The Hunting Way of Life “Molds Man” (and Woman)

Figure 13: Female baboon in estrus. Photograph by Carol Mukhopadhyay, Tanzania, 2010.

Figure 14: Baboon pair in tree: malefemale
voluntary relations. Photograph by Carol Mukhopadhyay, Tanzania, 2010.

The most popular and persistent theories argued that male dominance is universal, rooted in species-wide gendered biological traits that we acquired, first as part of our primate heritage, and further developed as we evolved from apes into humans. Emergence of “the hunting way of life” plays a major role in this story. Crucial components include: a diet consisting primarily of meat, obtained through planned, cooperative hunts, by all-male groups, that lasted several days and covered a wide territory. Such hunts would require persistence, skill, and physical stamina; tool kits to kill, butcher, transport, preserve, and share the meat; and a social organization consisting of a stable home base and a monogamous nuclear family. Several biological changes were attributed to adopting this way of life: a larger and more complex brain, human language, an upright posture (and humans’ unique foot and stride), loss of body hair, a long period of infant dependency, and the absence of “estrus” (ovulation-related female sexual arousal) (Figure 13), which made females sexually “receptive” throughout the monthly cycle. Other human characteristics purportedly made sex more enjoyable: frontal sex and fleshier breasts, buttocks, and genitals, especially the human penis. Making sex “sexier,” some speculated, cemented the pair-bond, helping to keep the man “around” and the family unit stable.[43]

Hunting was also linked to a “world view” in which the flight of animals from humans seemed natural and (male) aggression became normal, frequent, easy to learn, rewarded, and enjoyable. War, some have suggested, might psychologically be simply a form of hunting and pleasurable for male participants.[44] The Hunting Way of Life, in short, “molded man,” giving our species its distinctive characteristics. And as a result, we contemporary humans cannot erase the effects of our hunting past even though we live in cities, stalk nothing but a parking place, and can omit meat from our diets.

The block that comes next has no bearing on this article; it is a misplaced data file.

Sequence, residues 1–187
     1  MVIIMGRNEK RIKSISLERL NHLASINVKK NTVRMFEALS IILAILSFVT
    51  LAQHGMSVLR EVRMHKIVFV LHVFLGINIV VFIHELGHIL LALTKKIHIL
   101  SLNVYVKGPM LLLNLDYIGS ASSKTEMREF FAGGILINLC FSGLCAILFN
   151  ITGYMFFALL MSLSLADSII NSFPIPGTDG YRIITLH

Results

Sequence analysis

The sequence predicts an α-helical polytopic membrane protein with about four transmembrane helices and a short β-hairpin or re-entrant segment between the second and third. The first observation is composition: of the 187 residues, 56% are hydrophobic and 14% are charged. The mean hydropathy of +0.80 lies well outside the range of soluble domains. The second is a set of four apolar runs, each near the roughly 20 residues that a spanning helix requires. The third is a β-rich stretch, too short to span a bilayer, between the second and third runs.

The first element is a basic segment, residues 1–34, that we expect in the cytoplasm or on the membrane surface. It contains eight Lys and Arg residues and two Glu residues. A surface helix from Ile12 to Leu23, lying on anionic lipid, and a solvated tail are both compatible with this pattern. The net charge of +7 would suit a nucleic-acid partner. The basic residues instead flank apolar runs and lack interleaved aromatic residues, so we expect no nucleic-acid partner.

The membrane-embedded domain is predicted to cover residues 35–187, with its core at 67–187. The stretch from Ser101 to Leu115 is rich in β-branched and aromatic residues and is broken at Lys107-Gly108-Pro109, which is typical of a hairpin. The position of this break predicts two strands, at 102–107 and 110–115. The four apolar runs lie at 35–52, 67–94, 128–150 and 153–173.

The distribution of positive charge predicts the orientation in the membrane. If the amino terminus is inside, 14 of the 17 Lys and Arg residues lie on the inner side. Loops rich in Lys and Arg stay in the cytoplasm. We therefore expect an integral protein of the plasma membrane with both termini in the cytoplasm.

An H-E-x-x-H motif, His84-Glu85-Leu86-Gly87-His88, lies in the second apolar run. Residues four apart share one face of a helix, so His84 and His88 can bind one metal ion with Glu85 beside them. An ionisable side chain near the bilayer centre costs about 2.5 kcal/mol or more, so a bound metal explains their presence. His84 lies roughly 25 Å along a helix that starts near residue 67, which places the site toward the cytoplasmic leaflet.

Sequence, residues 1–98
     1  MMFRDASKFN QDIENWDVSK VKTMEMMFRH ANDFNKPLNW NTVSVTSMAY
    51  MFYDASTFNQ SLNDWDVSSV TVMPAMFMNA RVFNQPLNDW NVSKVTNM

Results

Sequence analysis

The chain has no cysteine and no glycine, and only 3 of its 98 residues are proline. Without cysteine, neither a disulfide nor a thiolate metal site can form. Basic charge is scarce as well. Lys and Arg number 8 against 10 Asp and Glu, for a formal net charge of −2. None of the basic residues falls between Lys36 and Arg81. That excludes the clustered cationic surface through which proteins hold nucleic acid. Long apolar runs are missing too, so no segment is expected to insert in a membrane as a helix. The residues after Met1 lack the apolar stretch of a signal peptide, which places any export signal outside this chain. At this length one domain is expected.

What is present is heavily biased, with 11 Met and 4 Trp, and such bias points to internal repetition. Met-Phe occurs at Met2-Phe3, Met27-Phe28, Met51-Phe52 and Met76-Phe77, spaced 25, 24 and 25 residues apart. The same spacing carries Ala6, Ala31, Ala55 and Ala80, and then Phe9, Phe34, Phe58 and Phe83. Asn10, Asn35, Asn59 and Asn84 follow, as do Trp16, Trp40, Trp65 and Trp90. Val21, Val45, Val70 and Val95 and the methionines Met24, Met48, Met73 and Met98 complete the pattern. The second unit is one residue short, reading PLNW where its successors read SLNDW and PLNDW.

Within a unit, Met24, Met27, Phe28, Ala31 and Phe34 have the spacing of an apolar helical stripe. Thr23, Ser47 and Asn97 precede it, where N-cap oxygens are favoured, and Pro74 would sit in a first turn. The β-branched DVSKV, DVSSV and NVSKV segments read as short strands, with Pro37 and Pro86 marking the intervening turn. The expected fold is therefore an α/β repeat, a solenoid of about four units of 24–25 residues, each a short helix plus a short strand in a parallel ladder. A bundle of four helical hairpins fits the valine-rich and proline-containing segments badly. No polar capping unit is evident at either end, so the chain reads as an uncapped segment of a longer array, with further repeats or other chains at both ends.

The biology, psychology, and customs that separate us from the apes—all these we owe to the hunters of time past. And, although the record is incomplete and speculation looms larger than fact, for those who would understand the origin and nature of human behavior there is no choice but to try to understand “Man the Hunter.”

—Washburn and Lancaster (1974)[45]

Gender roles and male dominance were supposed to be part of our evolutionary heritage. Males evolved to be food-providers—stronger, more aggressive, more effective leaders with cooperative and bonding capacities, planning skills, and technological inventiveness (tool-making). In this creation story, females never acquired those capacities because they were burdened by their reproductive roles—pregnancy, giving birth, lactation, and child care—and thus became dependent on males for food and protection. The gender gap widened over time. As males initiated, explored, invented, women stayed at home, nurtured, immersed themselves in domestic life. The result: men are active, women are passive; men are leaders, women are followers; men are dominant, women are subordinate.

Many of us have heard pieces of this Hunting Way of Life story. Some of the men Mukhopadhyay interviewed in Los Angeles in the late 1970s invoked “our hunting past” to explain why they—and men generally—operated barbeques rather than their wives. Women’s qualifications to be president were questioned on biological grounds such as “stamina” and “toughness.” Her women informants, all hospital nurses, doubted their navigational abilities, courage, and strength despite working in intensive care and regularly lifting heavy male patients. Mukhopadhyay encountered serious scholars who cited women’s menstrual cycle and “emotional instability” during ovulation to explain why women “can’t” hunt.